When Lam Ngoc Tuan, director of Tuan Ngoc agricultural cooperative in Thu Duc City of Ho Chi Minh City, quit his nine-to-five at a bank, no one expected that he would successfully establish the largest hydroponic vegetable farm in the southern metropolis six years later.
Tuan’s experience working on land appraisal for the bank impressed upon him the struggle that farmers often face when it comes to unfavorable weather conditions.
In addition, with the area of land for farming in Ho Chi Minh City shrinking every year, the need for an agricultural model that is high-yield and capable of producing high-quality products is evident.
Those situations motivated Tuan to research farming and establish his own hydroponic vegetable farm, which can yield up to five times more produce than traditional growing methods.
“I was under great pressure from my family after I left my stable job and income to pursue farming, but I was so passionate that I ignored them all,” Tuan shared.
As hydroponic farming is a relatively new venture demanding substantial initial investments, Tuan committed his entire savings, secured additional funding from the bank, and successfully persuaded others to join.
So far, Tuan has invested over VND12 billion (US$488,600) in his business.
In 2017, the Tuan Ngoc agricultural cooperative was established with just over 1,000 square meters of hydroponic vegetable cultivation within greenhouse facilities.
In the following two years, the cooperative expanded to include seven members and increased its rented land area from over 7,000 square meters to 10,500 square meters by 2022, operating at five locations -- four in Ho Chi Minh City and one in south-central Ninh Thuan Province.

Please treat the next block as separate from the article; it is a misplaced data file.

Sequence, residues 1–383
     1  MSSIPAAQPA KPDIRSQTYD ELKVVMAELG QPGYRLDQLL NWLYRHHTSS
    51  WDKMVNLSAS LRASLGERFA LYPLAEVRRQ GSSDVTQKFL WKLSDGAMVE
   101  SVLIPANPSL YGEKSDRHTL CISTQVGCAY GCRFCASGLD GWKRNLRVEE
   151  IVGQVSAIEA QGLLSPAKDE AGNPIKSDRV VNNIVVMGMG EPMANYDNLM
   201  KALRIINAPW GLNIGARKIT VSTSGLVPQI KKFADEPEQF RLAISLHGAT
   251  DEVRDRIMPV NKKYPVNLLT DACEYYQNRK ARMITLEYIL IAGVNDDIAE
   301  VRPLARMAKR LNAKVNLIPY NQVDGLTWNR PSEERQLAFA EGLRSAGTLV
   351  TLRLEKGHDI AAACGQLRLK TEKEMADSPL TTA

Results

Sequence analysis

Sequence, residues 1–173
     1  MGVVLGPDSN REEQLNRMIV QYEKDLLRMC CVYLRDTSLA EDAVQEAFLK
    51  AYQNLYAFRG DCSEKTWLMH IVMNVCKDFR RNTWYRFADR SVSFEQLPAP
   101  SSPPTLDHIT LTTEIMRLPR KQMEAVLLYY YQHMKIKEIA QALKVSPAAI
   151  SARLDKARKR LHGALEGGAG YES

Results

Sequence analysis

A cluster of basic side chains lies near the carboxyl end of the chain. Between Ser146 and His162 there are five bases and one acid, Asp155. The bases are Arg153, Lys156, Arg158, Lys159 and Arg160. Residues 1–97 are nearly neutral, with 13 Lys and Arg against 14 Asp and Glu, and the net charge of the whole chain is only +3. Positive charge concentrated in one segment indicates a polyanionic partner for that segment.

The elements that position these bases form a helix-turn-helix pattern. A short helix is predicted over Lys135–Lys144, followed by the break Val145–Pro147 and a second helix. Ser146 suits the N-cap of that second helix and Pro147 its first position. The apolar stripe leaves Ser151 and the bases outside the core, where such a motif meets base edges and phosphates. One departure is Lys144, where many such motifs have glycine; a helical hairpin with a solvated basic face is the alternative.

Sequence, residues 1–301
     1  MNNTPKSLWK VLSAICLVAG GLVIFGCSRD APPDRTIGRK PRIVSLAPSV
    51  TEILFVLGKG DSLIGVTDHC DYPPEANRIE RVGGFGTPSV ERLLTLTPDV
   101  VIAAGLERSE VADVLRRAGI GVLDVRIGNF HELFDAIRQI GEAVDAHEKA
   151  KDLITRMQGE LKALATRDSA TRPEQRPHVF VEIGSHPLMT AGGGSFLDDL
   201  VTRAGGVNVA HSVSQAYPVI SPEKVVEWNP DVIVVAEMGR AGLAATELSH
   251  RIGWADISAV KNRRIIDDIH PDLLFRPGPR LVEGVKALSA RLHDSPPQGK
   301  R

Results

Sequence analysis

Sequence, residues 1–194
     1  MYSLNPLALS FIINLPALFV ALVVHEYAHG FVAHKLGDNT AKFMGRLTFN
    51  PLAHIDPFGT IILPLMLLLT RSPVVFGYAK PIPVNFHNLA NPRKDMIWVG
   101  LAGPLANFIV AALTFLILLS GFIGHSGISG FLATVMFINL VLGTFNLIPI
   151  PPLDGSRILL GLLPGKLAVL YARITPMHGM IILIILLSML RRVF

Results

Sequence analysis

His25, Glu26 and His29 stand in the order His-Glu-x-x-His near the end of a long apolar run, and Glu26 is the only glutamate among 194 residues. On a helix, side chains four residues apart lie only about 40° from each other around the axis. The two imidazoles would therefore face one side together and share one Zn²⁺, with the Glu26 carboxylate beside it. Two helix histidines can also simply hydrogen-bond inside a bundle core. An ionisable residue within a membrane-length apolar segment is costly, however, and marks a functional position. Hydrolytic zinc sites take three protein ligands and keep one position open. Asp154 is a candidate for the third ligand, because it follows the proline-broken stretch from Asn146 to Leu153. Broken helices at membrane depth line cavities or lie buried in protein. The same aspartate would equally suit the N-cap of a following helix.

Tuan’s cooperative is considered the largest hydroponic vegetable greenhouse farm model in Ho Chi Minh City, according to Dinh Minh Hiep, director of the Ho Chi Minh City Department of Agriculture and Rural Development.
To minimize costs, Tuan has mastered the production of his own vegetable nutrients.
Despite facing numerous challenges, Tuan Ngoc Cooperative has begun to see positive outcomes, providing employment for dozens of workers.
|Lettuce grown at Lam Ngoc Tuan’s hydroponic farm in Ho Chi Minh City. Photo: T.N. / Tuoi Tre|
“We produce 11 different types of vegetables, including lettuce, cruciferous vegetables, amaranth, and more,” Tuan said.
“Our daily output varies depending on the time of year, ranging from 600 kilograms to a metric ton, resulting in a revenue of approximately VND20-25 million [$814-1,017],” he revealed.
“We currently distribute vegetables to four convenience store chains, supermarkets, and hundreds of regular customers within Ho Chi Minh City.”
Furthermore, the cooperative has effectively disseminated hydroponic crystal lettuce farming technology to regions with warmer climates, such as Ninh Thuan Province, even though the vegetable was traditionally grown in cooler conditions.
The cooperative received the ‘High-Quality Vietnamese Goods’ award and was recognized among the 63 exemplary cooperatives of 2023 by the Vietnam Farmers’ Union.
Tuan confessed that despite having been in business for six years, the cooperative has only recently begun to break even, primarily due to high initial investments and stable selling prices.
However, hopes are high now that the cooperative has established a distribution channel and made a name in the market.
While humbly acknowledging this is just the beginning of their success, Tuan is determined to persevere, recognizing that there will still be many challenges and estimating that it will take around seven to eight years to establish a strong brand.
“Only by being steadfast can we go a long way and gain success in the field of urban agriculture,” Tuan said.
Discussing his future plans, the man intends to broaden the cultivation area and diversify the product range to better cater to customer needs.
Tuan calls on the city for more favorable policies, including low-interest loans, permitting construction on agricultural land, and facilitating channels for product distribution, to encourage and support the growth of high-tech urban agriculture.
In response, Hiep from the city’s agriculture department said that those policies are already under consideration.